650 children were strip searched by Met Police over two years
The Metropolitan Police strip-searched nearly 700 children, some as young as 10, between 2018 and 2020, it has been revealed.
Black boys were disproportionately targeted by officers, according to the figures uncovered by the Children’s Commissioner in the wake of the Child Q scandal.
That incident saw a teenage girl of colour on her period told to strip naked for a drug search by police without another adult present. No drugs were found.
But the latest damning revelations to hit the force actually suggest the incident was not isolated – and suggests a ‘systemic problem’, Children’s Commissioner Dame Rachel de Souza said.
Some 650 children aged 10-17 underwent the ‘intrusive and traumatising’ strip-searches by the Metropolitan Police over a two-year period, Scotland Yard’s figures show.
Some 58% were described by the officer as being black, and more than 95% were boys.
Dame Rachel warned: ‘I am not reassured that what happened to Child Q was an isolated issue, but instead believe it may be a particularly concerning example of a more systemic problem around child protection within the Metropolitan Police.
‘I remain unconvinced that the Metropolitan Police is consistently considering children’s welfare and wellbeing.’
15-year-old Child Q was intimately examined after being wrongly suspected of carrying cannabis at school.
The search, by female Metropolitan Police officers, took place in 2020 without another adult present and in the knowledge that she was menstruating, a safeguarding report found.
A review conducted by City & Hackney Safeguarding Children Partnership (CHSCP) concluded the strip-search should never have happened, was unjustified and that racism ‘was likely to have been an influencing factor’.
In 1999, the Met was found to be ‘institutionally racist’ in the damning Macpherson report.
Four Metropolitan Police officers are being investigated for gross misconduct by the Independent Office for Police Conduct (IOPC) in connection with the Child Q incident.
Scotland Yard has apologised and said it ‘should never have happened’.
In March, law firm Bhatt Murphy announced that the teenager was taking civil action against the Met and her school to obtain ‘cast-iron commitments to ensure this never happens again to any other child’.
Since then, the IOPC has confirmed it is investigating four further strip-searches of children between early 2020 and 2022, and is considering whether to look into three more.
Other figure obtained by LBC in July suggested that between 2019 and 2021, 799 children between 10 and 17 were strip-searched – significantly higher than the new data for the previous year.
That suggests the searches have become more common.
The new data also shows that the number of strip-searches on children increased each year, with 18% carried out in 2018, 36% in 2019 and 46% in 2020.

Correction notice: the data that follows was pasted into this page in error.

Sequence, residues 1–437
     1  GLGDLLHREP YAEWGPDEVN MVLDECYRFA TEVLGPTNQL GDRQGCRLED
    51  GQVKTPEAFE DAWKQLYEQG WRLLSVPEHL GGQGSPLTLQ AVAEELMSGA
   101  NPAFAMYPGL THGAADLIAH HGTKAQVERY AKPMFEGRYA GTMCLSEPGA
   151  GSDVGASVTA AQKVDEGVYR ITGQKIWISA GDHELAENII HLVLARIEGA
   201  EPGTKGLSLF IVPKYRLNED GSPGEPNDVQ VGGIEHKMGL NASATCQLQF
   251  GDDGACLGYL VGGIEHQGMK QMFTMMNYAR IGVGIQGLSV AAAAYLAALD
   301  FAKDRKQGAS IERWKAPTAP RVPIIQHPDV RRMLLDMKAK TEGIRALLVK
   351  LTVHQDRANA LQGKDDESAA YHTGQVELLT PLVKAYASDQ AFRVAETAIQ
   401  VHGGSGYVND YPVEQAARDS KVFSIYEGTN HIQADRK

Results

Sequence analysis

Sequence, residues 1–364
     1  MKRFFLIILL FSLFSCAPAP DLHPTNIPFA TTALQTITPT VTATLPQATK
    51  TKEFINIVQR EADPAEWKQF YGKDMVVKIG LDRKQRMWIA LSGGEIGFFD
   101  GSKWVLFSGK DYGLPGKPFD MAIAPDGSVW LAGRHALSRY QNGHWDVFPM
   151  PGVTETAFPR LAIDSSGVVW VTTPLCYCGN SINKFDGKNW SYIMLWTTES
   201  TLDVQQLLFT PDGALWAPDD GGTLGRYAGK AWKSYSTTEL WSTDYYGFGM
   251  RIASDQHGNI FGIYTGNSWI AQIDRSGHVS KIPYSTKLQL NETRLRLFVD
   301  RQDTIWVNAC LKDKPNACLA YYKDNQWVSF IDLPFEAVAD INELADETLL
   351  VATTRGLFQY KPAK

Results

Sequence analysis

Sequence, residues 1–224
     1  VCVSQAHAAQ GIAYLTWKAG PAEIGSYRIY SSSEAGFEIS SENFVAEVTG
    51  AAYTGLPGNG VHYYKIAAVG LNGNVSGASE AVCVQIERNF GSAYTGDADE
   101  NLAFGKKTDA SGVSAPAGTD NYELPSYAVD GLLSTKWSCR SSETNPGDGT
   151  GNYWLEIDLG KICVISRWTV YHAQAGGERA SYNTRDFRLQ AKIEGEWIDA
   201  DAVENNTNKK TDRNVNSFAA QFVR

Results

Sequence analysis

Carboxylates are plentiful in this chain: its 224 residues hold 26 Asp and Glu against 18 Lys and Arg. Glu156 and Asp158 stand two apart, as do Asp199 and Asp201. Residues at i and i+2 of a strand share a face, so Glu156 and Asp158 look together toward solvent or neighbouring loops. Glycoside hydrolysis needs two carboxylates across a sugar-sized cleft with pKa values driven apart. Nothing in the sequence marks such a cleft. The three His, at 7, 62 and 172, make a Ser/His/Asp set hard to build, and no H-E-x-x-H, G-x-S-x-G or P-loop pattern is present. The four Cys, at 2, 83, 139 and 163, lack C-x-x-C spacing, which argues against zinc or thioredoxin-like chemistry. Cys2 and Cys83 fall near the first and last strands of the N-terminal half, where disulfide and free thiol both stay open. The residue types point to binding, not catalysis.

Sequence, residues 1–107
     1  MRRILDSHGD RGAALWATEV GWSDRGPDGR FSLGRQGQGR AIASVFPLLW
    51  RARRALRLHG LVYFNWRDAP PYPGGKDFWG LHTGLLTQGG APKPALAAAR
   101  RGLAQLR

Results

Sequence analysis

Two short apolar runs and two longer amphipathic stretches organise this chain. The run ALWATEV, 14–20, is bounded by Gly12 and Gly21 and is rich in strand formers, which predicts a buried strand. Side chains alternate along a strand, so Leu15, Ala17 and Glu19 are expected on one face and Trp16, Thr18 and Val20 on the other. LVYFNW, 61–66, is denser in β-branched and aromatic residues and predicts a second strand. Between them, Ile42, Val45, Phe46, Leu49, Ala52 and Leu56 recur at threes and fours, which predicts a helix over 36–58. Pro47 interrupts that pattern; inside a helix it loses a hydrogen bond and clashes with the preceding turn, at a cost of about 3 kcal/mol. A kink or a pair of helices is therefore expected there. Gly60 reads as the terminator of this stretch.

In almost a quarter (23%) of cases, strip-searches took place without an ‘appropriate adult’ confirmed to have been present.
That is despite it being a legal requirement, except in cases of ‘urgency’.
It is usually a parent or guardian, but can also be a social worker, carer or a volunteer.
Some 53% of the searches resulted in no further action, which the Children’s Commissioner suggested indicates that they ‘may well not be justified or necessary in all cases’.
Dame Rachel said she was ‘deeply shocked’ by the figures, which show that a significant number of children ‘are being subjected to this intrusive and traumatising practice each year’.
She also declared herself ‘extremely concerned’ at the apparent disproportionate targeting of ethnic minorities.
Dame Rachel said she has submitted the data to Baroness Louise Casey, who is carrying out a review into standards at the Met.
The Children’s Commissioner’s team will request comparable data from all police forces across England.
A Metropolitan Police spokesman said: ‘The Metropolitan Police is progressing at pace work to ensure children subject to intrusive searches are dealt with appropriately and respectfully. We recognise the significant impact such searches can have.
‘We have already made changes and continue to work hard to balance the policing need for this type of search with the considerable impact it can have on young people.’
He continued: ‘We have ensured our officers and staff have a refreshed understanding of the policy for conducting a “further search”, particularly around the requirement for an appropriate adult to be present. We have also given officers advice around dealing with schools, ensuring that children are treated as children and considering safeguarding for those under 18.
‘More widely we have reviewed the policy for ‘further searches’ for those aged under 18. This is to assure ourselves the policy is appropriate and also that it recognises the fact a child in these circumstances may well be a vulnerable victim of exploitation by others involved in gangs, county lines and drug dealing.’
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